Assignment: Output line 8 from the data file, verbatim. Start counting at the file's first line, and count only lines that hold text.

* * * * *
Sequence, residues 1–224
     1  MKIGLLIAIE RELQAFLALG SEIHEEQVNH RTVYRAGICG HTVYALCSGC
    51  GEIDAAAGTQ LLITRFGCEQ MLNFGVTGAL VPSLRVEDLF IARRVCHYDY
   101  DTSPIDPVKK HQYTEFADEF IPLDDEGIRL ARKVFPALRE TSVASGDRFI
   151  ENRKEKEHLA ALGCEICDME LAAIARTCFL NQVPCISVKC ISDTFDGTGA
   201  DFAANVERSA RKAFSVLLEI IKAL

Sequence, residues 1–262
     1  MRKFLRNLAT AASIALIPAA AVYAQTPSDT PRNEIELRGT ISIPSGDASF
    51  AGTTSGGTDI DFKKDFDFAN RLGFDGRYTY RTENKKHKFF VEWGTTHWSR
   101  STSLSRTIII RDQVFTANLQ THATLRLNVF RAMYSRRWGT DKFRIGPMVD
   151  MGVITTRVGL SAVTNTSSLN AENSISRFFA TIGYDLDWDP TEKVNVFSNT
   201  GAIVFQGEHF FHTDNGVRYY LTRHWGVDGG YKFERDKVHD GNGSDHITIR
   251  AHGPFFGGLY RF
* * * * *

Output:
     1  MRKFLRNLAT AASIALIPAA AVYAQTPSDT PRNEIELRGT ISIPSGDASF